And it is here that the cynical, if not outright sinister aspect of Mr Miliband’s inquiry-mania seem to reveal itself. Alluding to the moral philosopher Onora O’Neill, Ms Butler-Cole writes of how ‘a “culture of suspicion” [..] has gripped Britain, creating a nation devoted to league tables and performance indicators, and obsessed with blame and compensation. The ubiquitous demands for public inquiries might be thought an illustration of this problem.’ [6] Such disintegration occurred under Labour with alacrity. They created a cosmetically ‘free’ and ‘equal’ society, whilst all the while ceding power to the EU and decimating hundreds of years of hard won legal and civil liberties in a state power grab. In the same way, public inquiries give the appearance of transparency and reform to parties like Labour, whilst deflecting attention away from  their appalling political, ethical, moral, social and intellectual record.

In effect Mr Miliband is proposing modern day variants of the show-trial. The truth that such inquiries may reveal is not as important as the political capital he and his clutch of metropolitan champagne socialist trendies hope to reap from the false sincerity that hides behind the phrases they employ, like ‘in the public interest’. Thanks to electioneering of this sort, public inquiries have begun to resemble an amalgamation of TV talent contests and reality TV shows, where the process of humiliation, implied slights and innuendo takes precedence over whatever the inquiries conclusions may be.

It would be incorrect to suggest that the principle of public inquiries is wrong, but the clamour for them often seems to outweigh the necessity. Of course this is not as exciting nor as lucrative for the ambitious Mr Miliband. Peter Hitchens has it exact when he remarks that ‘liberal bigotry is the worst of all because it thinks it is so enlightened.’ He could not have described Mr Miliband with greater precision. Mr Miliband’s ongoing calls for public inquiries are the stuff of self-aggrandisement; they are damaging because they do not appear discerning, and they are discredited because they are disconcertingly political.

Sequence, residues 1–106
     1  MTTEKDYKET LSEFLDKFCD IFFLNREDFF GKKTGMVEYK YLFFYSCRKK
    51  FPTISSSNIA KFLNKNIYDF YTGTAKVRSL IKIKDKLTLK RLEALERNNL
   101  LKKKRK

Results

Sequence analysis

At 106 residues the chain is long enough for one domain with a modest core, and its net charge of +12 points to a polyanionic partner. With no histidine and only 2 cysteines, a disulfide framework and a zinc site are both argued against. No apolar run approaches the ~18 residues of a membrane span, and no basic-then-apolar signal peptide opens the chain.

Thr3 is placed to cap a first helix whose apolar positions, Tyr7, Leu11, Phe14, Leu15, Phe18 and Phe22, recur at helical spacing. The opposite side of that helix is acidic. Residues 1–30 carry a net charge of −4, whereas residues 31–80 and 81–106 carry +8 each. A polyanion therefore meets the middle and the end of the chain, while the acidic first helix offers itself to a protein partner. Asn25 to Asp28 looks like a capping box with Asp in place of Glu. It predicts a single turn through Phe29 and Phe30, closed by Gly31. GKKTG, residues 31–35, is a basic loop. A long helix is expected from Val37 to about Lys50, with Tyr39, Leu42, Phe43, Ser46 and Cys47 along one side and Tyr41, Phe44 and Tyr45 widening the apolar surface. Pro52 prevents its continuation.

© thepanopticonblog, 2012

Notes

More from The Panopticon:

Advertisements

A survey has revealed that if witness to anti-social behaviour, two thirds of people would walk by rather than intervene. But in the UK’s permissive society, is it really any wonder?

The Home Office describes anti-social behaviour (ASB) as ‘any aggressive, intimidating or destructive activity that damages or destroys another person’s quality of life.’ The moniker of ‘ASB’ deflects attention away from what it often actually is: criminal activity. The police offer an extensive list of examples of anti-social behaviour, some of which are flagrantly criminal, if not immediately connected to criminal activity. [1]

Anti-social behaviour is nothing new, it has just become more prominent since successive governments are progressively worse at curtailing it. Their efforts to foster a socially democratic ‘tolerant’ and permissive society have been enacted simply because they have not only lost control of the systems used to regulate it (such as the police), but also because they do not want to pay for such systems to be repaired, let alone maintained. Social democracy is the cheap product of cheap thinking.